My band arrived home in San Diego very late on Tuesday night, well into Wednesday morning. Last night we received an incredibly warm (in temperature and emotion) welcome at a homecoming show at the Habitat House, in whose attic we filmed a performance of one of our songs a few months ago.
I love that part of the world. I love the anticipation of turning a corner and finding out whether you can see the mountains that day — Mt. Hood and St. Helens and Rainier and Baker and the Olympics. I adore the trees and the way the ocean looks there, too.
From Portland, we stopped in at my friend’s front yard in the Green Lake area of Seattle to play a summer evening set. My friend told me it was the best night, weather-wise, they’ve had in nine (!) months. (He’s plotting his return to sunny San Diego, he grumbled.)
We left for Canada the next day, playing in Kitsilano in Vancouver for a bunch of my childhood friends who now live there. We camped that night, then took an early morning ferry over to Victoria, where my mom greeted us with a family staple, a cookie called oatcakes. We played that night in Victoria at a cool subterranean spot that is trying to serve all local ingredients and beers. The woman who taught me violin lessons from age 6 to age 18 showed up right as I played a short solo part in a song. My bandmates noticed me gulp.
The next day we woke up at the crack of dawn to go fishing off of Beecher Bay in Sooke, a little ways from my house on the island. My dad and his fishing buddy showed us the ropes. The Tree Ring turned out to be not bad at fishing, hauling 12 salmon into the boat on a gorgeous, clear day on the water. That night we grilled up two of the fish we’d caught, sealed the meal with berries and ice cream, and headed to the university to look through a telescope at Saturn and its rings. A dream, right?
If you haven’t noticed, our trip took a decidedly different tone than the stereotypical picture of a haggard, urban, unwashed band on tour. We were delighted. Playing for our families was an amazing treat, since most of them don’t live here in San Diego and can’t get a sense for what we do. And between camping and staying with grandparents, parents and friends, we could mostly avoid those hotel rooms bands are commonly presumed to thrash on the road.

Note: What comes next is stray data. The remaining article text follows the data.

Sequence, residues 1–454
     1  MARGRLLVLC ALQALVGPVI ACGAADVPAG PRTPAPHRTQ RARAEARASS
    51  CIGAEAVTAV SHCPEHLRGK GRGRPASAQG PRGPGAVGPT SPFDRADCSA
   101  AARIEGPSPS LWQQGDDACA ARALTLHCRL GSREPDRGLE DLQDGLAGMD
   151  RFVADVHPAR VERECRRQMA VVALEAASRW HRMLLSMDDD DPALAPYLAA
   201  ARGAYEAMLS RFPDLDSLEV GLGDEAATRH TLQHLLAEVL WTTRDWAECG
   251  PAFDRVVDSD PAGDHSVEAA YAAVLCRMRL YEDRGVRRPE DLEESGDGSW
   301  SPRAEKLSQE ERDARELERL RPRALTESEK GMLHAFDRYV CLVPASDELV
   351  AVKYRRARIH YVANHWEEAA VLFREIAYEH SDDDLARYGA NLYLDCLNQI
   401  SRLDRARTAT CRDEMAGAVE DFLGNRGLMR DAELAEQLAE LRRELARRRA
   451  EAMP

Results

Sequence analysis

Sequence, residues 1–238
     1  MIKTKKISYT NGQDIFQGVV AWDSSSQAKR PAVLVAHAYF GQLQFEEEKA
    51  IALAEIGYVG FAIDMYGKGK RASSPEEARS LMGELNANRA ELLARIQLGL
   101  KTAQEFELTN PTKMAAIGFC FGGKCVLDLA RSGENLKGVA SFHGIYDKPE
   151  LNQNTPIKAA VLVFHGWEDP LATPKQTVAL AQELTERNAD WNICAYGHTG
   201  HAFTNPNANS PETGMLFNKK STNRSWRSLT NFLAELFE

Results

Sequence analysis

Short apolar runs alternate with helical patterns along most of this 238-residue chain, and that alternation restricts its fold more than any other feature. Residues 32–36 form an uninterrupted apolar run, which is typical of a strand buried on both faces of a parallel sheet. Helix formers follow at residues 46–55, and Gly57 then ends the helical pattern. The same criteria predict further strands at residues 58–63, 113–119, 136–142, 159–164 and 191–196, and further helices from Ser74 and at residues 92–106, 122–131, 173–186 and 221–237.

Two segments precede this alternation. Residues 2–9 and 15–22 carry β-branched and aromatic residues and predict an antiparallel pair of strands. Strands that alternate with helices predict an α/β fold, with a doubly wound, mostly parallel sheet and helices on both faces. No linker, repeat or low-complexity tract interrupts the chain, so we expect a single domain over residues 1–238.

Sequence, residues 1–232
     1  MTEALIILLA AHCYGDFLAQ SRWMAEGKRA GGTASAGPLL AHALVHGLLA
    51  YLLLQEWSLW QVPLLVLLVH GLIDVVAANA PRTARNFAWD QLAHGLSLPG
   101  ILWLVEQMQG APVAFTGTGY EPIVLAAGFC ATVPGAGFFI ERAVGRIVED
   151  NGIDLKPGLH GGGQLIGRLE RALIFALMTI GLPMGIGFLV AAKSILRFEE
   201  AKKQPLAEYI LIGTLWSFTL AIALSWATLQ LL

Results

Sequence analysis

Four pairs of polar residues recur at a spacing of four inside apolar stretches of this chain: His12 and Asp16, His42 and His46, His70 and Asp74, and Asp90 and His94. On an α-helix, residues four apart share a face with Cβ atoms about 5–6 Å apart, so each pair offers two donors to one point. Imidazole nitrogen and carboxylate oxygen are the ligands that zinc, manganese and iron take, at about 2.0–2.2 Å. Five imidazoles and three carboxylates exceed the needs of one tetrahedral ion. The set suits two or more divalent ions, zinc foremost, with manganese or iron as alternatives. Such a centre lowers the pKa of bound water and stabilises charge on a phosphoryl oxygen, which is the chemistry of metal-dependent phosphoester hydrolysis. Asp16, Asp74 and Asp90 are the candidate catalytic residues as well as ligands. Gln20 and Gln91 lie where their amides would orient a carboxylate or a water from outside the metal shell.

Next we ferried to Doe Bay Resort on Orcas Island for two nights, hiking Mount Constitution and playing on an outdoor stage by the resort’s delicious restaurant overlooking the water. Here’s the view from stage:
We hit a long road day leaving there, waking up at 5 a.m. to catch the first ferry out and not arriving at our next stop, near Mount Shasta, until 2:30 a.m. the next day.
Our California leg was a whirlwind: We played Sunday in Santa Cruz, Monday in our dear friend’s living room in Oakland, Tuesday at the Hotel Café in Hollywood and last night at the Habitat.
That’s the tour. Of course anyone from San Diego visiting any place is apt to run into the Anchorman references, the Zoo recollections and the cracks about being weather wimps now. But we were totally welcomed and supported in the places we visited. We offset much of our travel costs with the bits of money we got for some of our shows, and selling t-shirts and records.
Thank you to all of you who wrote me with suggestions of things to do, and with kind notes about the music we make. If you’re interested, the next time we play in San Diego is at the end of August, part of the San Diego Museum of Art’s summer salon series, which I’ve mentioned here before.
I enjoyed the quick taste of life on the road, though I’m spoiled. Even if we didn’t have bowls full of berries and hugs from one of our moms greeting us at every stop, I got to travel for a few weeks with some of my best friends. That I get to play music with these people is a gift I don’t take lightly.
I’m Kelly Bennett, the arts editor for VOSD. What’d I miss while I was out of town? You can reach me directly at email@example.com or 619.325.0531.
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